How to Make YouTube Reaction Videos

Ready to start reacting on YouTube? This guide covers everything you need to know, from choosing the right equipment to avoiding copyright claims and strikes.

Reaction content has exploded on YouTube over the past 10 years. Today, almost anyone can watch a popular video, react to it, and bring in tons of views on their YouTube channel.

Best of all, reaction content works for most niches. You can react to your favorite sports matches, viral memes, or even news stories that align with your channel's focus. The opportunities are endless, and it's pretty hard to run out of ideas.

But people love reacting to videos on YouTube for more than just the flexibility. Creators can get personal, share honest opinions, and cover trending topics at the same time.

Whether you're reacting to classic movies or video game fails, this guide is your starting point. You'll learn how to create reaction videos that engage viewers while growing your YouTube channel!

Find Something to React to

Before hitting the record button, decide how you want to do reaction videos on YouTube. There are plenty of ways to create engaging videos in this genre.

You can try:

  • Music video reactions: Ideal for music enthusiasts, these videos attract fans of the artists you're reacting to.
  • Movie/TV show trailer reactions: Capitalize on the hype of upcoming releases.
  • Viral video reactions: These are universally relatable and can quickly attract views.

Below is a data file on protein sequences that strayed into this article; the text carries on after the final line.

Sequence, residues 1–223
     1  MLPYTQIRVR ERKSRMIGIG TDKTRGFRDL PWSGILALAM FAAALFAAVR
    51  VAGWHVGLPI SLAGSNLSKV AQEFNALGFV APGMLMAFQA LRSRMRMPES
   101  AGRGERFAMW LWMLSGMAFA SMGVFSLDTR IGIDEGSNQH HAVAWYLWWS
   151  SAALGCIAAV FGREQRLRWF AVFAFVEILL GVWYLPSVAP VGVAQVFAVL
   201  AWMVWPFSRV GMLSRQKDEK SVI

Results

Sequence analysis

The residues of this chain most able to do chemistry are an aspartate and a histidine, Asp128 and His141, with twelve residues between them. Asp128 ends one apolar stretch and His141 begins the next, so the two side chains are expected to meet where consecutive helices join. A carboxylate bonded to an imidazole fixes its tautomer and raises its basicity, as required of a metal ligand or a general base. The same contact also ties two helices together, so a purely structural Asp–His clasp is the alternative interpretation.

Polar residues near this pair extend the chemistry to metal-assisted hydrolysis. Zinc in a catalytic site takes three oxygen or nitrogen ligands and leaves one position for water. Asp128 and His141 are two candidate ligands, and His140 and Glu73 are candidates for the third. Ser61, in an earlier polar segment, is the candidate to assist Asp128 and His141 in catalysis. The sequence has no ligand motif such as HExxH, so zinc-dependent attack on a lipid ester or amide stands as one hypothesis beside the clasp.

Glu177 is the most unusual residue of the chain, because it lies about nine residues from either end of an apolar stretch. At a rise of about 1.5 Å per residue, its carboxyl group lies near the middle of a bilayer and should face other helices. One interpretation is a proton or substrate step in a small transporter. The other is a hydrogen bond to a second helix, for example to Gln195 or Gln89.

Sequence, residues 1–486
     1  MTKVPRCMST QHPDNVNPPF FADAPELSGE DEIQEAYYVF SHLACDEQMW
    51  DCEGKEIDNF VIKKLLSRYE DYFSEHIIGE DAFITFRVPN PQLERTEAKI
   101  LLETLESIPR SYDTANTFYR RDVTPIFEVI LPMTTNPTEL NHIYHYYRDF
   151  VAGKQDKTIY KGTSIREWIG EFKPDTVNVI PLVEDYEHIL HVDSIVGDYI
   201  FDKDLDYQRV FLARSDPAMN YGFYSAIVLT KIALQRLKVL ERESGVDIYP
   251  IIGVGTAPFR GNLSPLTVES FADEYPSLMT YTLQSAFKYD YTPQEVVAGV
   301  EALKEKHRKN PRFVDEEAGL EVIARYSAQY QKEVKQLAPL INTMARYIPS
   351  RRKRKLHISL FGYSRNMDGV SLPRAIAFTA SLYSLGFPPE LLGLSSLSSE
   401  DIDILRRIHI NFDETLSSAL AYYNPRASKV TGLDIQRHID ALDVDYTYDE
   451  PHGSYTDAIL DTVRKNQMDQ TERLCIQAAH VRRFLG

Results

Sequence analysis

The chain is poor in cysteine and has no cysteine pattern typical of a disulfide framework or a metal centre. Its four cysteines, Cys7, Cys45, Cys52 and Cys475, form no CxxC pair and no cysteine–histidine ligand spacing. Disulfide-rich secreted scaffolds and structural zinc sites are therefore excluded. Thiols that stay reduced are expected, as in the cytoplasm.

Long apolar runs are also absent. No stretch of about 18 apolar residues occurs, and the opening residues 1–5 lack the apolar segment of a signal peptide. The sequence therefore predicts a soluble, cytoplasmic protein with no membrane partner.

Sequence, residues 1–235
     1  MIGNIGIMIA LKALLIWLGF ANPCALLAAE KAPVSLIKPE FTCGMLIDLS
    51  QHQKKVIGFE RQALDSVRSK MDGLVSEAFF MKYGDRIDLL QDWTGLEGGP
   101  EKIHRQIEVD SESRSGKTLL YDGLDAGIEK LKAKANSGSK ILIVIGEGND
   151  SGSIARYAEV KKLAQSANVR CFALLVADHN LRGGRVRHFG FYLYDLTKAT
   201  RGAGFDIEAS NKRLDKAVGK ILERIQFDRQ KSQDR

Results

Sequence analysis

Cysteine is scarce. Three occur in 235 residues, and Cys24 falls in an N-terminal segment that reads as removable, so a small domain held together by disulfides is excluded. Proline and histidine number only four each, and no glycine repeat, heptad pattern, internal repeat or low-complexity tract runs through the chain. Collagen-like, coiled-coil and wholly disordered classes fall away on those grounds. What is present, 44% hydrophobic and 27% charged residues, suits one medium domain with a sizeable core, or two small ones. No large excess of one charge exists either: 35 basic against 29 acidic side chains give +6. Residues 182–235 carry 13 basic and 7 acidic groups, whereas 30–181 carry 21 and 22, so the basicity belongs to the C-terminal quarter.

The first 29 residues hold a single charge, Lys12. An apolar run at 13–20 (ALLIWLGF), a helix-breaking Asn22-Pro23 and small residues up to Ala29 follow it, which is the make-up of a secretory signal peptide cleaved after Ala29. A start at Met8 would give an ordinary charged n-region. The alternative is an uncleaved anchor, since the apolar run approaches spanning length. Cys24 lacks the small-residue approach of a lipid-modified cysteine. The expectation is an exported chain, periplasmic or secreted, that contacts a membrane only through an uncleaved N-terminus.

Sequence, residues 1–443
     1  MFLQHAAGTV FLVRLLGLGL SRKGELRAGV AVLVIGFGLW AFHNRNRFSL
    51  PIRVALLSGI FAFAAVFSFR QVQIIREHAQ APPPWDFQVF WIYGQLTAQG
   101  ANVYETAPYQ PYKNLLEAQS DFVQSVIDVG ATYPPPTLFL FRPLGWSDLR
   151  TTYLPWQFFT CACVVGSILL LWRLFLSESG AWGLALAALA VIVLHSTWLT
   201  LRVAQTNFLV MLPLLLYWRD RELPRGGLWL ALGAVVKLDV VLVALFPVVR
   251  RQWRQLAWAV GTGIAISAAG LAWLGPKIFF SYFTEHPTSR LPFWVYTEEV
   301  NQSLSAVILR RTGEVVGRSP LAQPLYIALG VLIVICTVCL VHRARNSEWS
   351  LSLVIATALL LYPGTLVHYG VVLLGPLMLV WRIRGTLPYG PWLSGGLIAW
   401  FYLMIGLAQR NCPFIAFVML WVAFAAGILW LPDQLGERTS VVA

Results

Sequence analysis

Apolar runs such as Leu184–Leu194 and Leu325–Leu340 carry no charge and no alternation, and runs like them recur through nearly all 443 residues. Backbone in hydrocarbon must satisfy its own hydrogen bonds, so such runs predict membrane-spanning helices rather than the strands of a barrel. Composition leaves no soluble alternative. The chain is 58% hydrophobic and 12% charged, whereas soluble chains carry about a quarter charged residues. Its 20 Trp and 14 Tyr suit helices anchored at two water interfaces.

• Video game reactions: Perfect for capturing genuine, in-the-moment emotions, especially during pivotal moments.
  • News/event reactions: Offer your perspective on current events, such as sports, politics, entertainment, and more.
  • Reacting to a reaction video: Give your reaction to another creator's reaction on YouTube.

Choose a Reaction Style

Creators shoot most of their reaction videos in a "solo" format. This is where one creator reacts to one video at a time.

But there's also group reacting, where several people react to something together and take turns sharing their opinions. Solo reacting is more convenient and personal, but group reacting delivers the most entertainment value.

Solo reacting is easy to pull off, but assembling a group of people may be worth it if you have the time and resources.

Get the Right Equipment

Ready to start recording? First, a high-definition camera is a must. For good visuals, choose a DSLR, a reliable smartphone with a good camera, or a webcam.

After all, you're going to layer multiple video tracks in one project. You want it to look good!

Next, consider the audio. A good microphone is important for recording your voice, especially if you're reacting to sound-driven content. A lapel mic works well for this, but a condenser mic creates a more professional sound. You should also invest in a pair of headphones so you can hear everything clearly while reacting.

Also, you might need screen recording software to make quality reactions. This piece of equipment does exactly what it sounds like, which is to capture the audio and video playing on your screen. Try a free solution like OBS Studio to capture your reaction while watching video content simultaneously.